Conventional Lighting versus Centralized Automation and Distribution Lighting

Below is a simple illustrative comparison of a conventional lighting system and a centralized automated solution. In a conventional system, each load leg or circuit is controlled by at least one switch. In some cases, two or more switches may control any given circuit often referred to as a two or three way switch. With this method, a light or series of lights on one circuit can be turned on or off from two different locations. At the top and bottom of stairs, for example.

In a centralized automated lighting system, every keypad or control device controls every circuit. Whether the control device is a keypad, touch panel LCD or remote, any given electrical circuit can be controlled by any given control device. In addition, automated functionality is easily implemented. For example, when a light is turned on, it can slowly fade on over a predetermined amount of time. The same button may, perhaps turn on multiple other light circuits as well.

Here are some other typical examples:

-Automatically turn on the porch lights at dusk and off at dawn based on the geographical location of the home (changes from season to season) 
-At night, turn on a dimly lit pathway from the bedroom to the bathroom when the "Bathroom" button is pushed on a keypad located next to the bed.
-Turn on/off all the lights in the home or business with one button press.

The options and customization are limitless. Here is another illustration from Crestron in PDF format (7.9MB).

Audio and Visual

Distributed audio and video enables a multitude of rooms or "Zones" to take advantage of centrally located audio or video equipment. Each zone is can be controlled independently via control devices such as keypads, LCD touch panels and remotes just as the automated lighting system does.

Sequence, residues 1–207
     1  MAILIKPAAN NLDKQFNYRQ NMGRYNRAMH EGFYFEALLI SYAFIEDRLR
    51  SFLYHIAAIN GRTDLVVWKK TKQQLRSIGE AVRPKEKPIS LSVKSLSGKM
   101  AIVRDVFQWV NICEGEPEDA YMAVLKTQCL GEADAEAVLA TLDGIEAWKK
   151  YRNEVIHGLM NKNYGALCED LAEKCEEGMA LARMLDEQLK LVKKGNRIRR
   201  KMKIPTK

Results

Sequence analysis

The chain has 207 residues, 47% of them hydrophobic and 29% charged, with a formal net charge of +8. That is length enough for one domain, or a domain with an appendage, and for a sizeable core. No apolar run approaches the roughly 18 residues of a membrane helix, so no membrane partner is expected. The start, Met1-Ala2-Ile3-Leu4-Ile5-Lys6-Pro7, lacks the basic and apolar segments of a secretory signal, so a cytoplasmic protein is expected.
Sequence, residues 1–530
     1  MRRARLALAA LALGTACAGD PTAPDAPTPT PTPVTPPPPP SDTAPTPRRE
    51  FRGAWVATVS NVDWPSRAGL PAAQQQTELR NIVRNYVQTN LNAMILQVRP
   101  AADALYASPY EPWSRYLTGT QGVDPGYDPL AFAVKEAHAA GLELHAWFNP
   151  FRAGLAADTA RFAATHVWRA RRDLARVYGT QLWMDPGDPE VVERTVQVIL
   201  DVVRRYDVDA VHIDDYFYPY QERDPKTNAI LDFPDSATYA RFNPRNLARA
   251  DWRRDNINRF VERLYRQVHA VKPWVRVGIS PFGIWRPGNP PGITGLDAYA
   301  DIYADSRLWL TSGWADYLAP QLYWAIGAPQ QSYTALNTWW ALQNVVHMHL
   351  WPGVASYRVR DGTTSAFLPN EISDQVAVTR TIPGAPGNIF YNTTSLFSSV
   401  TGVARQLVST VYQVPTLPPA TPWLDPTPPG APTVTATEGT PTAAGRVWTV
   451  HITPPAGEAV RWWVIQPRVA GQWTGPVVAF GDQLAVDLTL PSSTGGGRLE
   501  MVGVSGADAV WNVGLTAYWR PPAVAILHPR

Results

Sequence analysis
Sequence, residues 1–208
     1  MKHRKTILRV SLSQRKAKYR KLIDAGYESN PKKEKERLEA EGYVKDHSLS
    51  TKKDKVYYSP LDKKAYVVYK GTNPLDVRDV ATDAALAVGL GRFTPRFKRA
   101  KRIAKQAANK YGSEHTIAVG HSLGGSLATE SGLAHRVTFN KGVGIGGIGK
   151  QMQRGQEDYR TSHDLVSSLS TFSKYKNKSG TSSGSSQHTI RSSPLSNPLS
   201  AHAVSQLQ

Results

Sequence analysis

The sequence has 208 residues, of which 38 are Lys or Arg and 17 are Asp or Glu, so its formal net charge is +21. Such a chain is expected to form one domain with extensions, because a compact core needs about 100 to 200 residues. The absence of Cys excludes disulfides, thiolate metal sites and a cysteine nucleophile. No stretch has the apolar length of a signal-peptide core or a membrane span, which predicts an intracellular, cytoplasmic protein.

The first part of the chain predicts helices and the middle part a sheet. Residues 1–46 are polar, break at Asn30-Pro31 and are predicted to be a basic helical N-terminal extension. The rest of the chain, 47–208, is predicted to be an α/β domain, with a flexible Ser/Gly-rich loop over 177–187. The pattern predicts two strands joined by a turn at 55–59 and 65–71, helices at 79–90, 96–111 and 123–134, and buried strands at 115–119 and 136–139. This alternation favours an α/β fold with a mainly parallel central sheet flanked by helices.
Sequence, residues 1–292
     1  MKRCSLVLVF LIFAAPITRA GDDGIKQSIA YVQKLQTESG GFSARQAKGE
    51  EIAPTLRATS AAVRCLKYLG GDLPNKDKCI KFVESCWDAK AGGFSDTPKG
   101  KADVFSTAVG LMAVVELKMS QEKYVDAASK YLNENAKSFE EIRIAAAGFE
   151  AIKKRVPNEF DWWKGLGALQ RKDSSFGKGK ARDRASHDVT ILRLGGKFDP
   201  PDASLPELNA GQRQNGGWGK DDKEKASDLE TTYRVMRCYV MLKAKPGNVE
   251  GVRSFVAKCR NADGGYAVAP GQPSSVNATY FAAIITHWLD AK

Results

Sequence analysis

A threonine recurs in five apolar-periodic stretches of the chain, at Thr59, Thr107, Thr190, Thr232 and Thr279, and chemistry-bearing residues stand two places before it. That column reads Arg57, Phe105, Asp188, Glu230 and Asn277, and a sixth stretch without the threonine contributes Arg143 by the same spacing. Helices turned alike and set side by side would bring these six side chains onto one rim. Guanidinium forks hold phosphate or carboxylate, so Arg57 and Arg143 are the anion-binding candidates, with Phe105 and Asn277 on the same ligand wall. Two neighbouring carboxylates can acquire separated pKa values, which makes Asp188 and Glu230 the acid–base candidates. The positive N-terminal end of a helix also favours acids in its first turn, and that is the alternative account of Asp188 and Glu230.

Audio, Visual and Lighting

Bringing the lighting and distributed audio and video together provides global automated control of an entire home, commercial or other space. The same control devices used to control the lighting can control the audio and visual components of a distributed audio and visual system. Integration with drapes, security systems, HVAC and more allows control of all aspects of the space from any number and combination of control devices... even from remote locations via the internet!

Here are some more examples:

-You are watching a movie in your home theater and you are alerted to a visitor at your front door. With a touch of a button on your hand-held LCD touch panel remote, the movie pauses, the lights fade on in the theater and additional lights fade on leading a path to the front door. On the hand-held LCD touch panel remote a window automatically opens showing who is at the front door via a security camera. If desired, you can speak with your visitor via the hand-held remote and/or remotely unlock the door.

-You are having a super bowl party at your house. With a touch a button, all TVs in the house are tuned to your desired sports channel, the sound level is set to a "medium" level and the lights in predetermined areas of the house are turned on to 90% and other lights in "off limit" locations are turned off. All control devices are deactivated to prevent tampering with the system by your guests and can only be re-activated by you.

-You have a south facing window and during the late afternoon hours between June and August the sun's intensity is overwhelming. At your request, the shades on this particular window can automatically adjust to block out the sun during these months and as determined by the sun's position based on your home's geographical position and time of day.

-You are returning home from travels on a long tiring business trip. When you arrive at the airport, you can connect to your home via cell phone or internet and set the hot tub and AC to a desired temperatures and turn on the driveway and entry lights.

As you can see, with automation solutions from AVDomotics, the options are virtually limitless.